I can't figure out what project to use!

This is a discussion on I can't figure out what project to use! within the C++ Programming forums, part of the General Programming Boards category; I want to make a quiz, but saddly I don't know which project to use. Please help me out. :-\...

  1. #1
    Registered User yodoblec's Avatar
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    Angry I can't figure out what project to use!

    I want to make a quiz, but saddly I don't know which project to use. Please help me out. :-\

  2. #2
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    Yes, it is quite sad. Therefore, I will post this:

    The most confusing thing about VC++ for beginners is learning how to choose the proper setup to create a program. Here is an explanation:

    The first thing you need to do before you start writing your program is to start a new project. You should close all workspaces before doing that by clicking on File/Close Workspace. Then click on File/New. The projects tab should be selected and you should make sure the radio button for "Create new workspace" is checked. For a console program(needed for beginning C++ programs), select Win32 Console Application, fill in a project name, then click OK. Then select Empty Project and click Finish. Then click on OK.

    Now you need to create a file for your project. Click on File/New and the Files tab should be selected. Click on C++ Source File. Make sure the "Add to project" check box is checked. Fill in the File Name(with no extension--it will be added for you) and click on OK. At the top left of the Visual C++ window, in the blue border, it will show the project name and then Microsoft Visual C++. The file you created has its name in the blue border at the top of its window.

    Then you type in your code, and when you are done you need to compile it. You can compile your program by clicking on the tool bar button that looks like a box with dots in it and two down arrows with dots above the arrows, or by choosing the build menu item and selecting "Compile your_project.cpp". Any errors will be displayed in a separate frame. You can read an error and then click on the error message to take you to the line where the error occured in your code. Once you take care of all the errors, then you can execute your program by clicking on the tool bar button that looks like a red exclamation mark, or by clicking on the Build menu and selecting "Execute your_project.exe". After that, a DOS window will open and the results of your program will be output to the DOS window. If none of the tool bar buttons mentioned are visible, simply right click on an empty spot in the tool bar area and select "Build MiniBar" and those buttons will appear. You can also drag the tool bars anywhere you want.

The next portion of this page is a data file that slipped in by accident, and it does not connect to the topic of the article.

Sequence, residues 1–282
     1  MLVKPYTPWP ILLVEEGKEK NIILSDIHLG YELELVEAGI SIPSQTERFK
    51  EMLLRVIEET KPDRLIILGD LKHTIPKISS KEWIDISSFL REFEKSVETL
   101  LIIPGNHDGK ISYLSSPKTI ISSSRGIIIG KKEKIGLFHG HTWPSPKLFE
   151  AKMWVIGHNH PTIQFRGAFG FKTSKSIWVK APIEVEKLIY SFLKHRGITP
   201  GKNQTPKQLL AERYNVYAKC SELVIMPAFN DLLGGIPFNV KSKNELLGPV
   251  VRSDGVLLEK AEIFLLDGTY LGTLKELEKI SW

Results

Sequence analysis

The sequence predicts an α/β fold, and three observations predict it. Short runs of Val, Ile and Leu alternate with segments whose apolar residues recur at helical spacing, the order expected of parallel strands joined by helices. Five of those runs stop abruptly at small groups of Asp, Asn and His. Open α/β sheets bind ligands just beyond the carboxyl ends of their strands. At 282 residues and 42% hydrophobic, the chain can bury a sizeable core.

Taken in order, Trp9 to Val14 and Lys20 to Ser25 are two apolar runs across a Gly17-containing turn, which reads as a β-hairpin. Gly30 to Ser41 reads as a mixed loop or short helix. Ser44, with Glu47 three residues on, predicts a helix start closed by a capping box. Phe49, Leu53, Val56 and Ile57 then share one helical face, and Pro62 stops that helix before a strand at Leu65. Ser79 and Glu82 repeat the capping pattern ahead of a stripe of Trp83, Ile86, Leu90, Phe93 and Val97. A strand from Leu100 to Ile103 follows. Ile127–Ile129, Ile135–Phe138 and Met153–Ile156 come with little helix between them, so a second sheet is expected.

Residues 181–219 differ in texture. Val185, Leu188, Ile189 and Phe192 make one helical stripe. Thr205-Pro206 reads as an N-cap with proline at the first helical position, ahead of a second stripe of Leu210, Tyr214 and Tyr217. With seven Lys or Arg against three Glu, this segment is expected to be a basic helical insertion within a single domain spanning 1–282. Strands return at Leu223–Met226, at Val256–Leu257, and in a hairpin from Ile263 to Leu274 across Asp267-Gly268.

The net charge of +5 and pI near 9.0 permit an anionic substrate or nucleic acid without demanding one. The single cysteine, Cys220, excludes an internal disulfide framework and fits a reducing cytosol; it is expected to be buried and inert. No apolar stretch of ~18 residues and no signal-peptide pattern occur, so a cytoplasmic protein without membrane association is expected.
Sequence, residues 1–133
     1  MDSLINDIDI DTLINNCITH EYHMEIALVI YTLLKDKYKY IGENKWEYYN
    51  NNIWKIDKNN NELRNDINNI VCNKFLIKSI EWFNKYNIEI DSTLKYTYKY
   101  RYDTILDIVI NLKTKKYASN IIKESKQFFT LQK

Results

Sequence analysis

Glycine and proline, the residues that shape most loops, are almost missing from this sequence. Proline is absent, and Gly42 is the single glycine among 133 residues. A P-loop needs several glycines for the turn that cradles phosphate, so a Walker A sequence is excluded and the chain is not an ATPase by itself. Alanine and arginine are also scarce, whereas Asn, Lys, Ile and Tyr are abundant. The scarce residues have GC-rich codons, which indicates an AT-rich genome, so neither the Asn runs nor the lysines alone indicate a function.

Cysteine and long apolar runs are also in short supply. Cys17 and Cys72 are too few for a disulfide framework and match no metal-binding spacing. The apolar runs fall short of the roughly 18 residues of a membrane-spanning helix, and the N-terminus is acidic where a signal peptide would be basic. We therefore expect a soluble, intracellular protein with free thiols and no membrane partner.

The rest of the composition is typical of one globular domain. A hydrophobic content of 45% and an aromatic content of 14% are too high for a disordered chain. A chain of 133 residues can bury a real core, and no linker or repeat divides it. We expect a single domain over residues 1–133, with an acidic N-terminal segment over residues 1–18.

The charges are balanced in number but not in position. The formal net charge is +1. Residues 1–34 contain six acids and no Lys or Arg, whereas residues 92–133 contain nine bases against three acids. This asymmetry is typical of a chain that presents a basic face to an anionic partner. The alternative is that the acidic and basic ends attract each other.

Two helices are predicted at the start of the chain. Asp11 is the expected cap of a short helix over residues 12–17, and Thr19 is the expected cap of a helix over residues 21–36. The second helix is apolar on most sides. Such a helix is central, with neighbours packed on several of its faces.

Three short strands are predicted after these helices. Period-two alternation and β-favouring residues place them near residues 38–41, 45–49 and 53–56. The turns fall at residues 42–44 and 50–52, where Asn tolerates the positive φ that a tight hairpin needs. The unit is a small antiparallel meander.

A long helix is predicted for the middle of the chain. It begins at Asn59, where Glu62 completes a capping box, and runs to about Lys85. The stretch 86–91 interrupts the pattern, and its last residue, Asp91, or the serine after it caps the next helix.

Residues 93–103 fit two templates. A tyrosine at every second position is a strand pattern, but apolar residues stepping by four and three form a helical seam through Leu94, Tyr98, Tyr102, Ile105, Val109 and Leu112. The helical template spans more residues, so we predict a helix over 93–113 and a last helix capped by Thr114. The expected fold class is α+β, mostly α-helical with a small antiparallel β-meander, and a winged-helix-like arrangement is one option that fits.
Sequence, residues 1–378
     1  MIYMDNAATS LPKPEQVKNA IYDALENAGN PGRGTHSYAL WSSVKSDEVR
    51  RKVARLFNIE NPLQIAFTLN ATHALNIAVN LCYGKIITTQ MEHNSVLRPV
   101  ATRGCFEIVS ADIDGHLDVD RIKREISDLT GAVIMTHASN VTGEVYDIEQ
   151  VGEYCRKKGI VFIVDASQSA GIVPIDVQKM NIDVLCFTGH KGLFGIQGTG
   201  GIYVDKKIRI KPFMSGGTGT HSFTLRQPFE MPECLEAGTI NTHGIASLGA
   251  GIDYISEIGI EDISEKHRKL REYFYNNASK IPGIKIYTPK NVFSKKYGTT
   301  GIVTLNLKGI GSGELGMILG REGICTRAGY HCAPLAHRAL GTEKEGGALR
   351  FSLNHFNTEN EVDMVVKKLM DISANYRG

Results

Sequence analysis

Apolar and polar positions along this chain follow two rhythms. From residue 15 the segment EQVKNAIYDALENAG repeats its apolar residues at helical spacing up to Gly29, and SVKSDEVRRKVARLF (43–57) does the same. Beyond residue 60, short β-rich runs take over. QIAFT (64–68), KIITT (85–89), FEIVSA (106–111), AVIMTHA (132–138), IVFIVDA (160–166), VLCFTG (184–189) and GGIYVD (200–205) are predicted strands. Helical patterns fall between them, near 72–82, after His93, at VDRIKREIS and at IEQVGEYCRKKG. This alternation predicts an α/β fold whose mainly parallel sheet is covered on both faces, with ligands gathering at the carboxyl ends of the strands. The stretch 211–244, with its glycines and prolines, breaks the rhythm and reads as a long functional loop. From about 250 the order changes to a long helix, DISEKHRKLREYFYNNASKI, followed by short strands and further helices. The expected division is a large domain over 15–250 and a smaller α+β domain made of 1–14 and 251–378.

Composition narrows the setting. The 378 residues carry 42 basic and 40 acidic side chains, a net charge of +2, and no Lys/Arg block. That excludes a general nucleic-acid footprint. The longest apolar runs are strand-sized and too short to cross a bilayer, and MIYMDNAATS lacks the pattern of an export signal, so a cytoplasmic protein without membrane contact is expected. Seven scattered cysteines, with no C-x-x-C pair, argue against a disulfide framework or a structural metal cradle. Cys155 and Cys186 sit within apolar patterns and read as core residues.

The project hierarchy goes like this: workspace/project/files. A project is simply a program of some kind made up of various files(for a beginner it will be only one file), and a project workspace is a folder in which all the information relating to a project is stored. When you create a project, a project workspace(a folder) is created automatically, and Visual C++ will maintain all the source code and other files in the project workspace folder. When you want to stop working on a program, you click on File/Close Workspace, and when you want to start working on a previous project, you click on File/Open Workspace or File/Recent Workspaces.

    The only way you can permanently delete files and/or workspaces is to navigate to the folder on your computer and delete one of the files in the folder or the whole folder. Deleting a file in Visual C++ does not remove it from the workspace.

  3. #3
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    Wow, that is so much more complicated that Dev-C++.. With that after you select "Win32 console" in new project it already makes a blank source for you and opens it.. Then your ready to start.

  4. #4
    Cat without Hat CornedBee's Avatar
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    7stud: you have that essay saved on your HDD?
    All the buzzt!
    CornedBee

    "There is not now, nor has there ever been, nor will there ever be, any programming language in which it is the least bit difficult to write bad code."
    - Flon's Law

  5. #5
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    Originally posted by Nuke
    Wow, that is so much more complicated that Dev-C++.. With that after you select "Win32 console" in new project it already makes a blank source for you and opens it.. Then your ready to start.
    VC++ isn't really that much more complicated, but if you let it, it will auto-generate tons of skeleton code for you. And the project options basically select what kinds of libraries are linked and what kinds of skeleton code are created.

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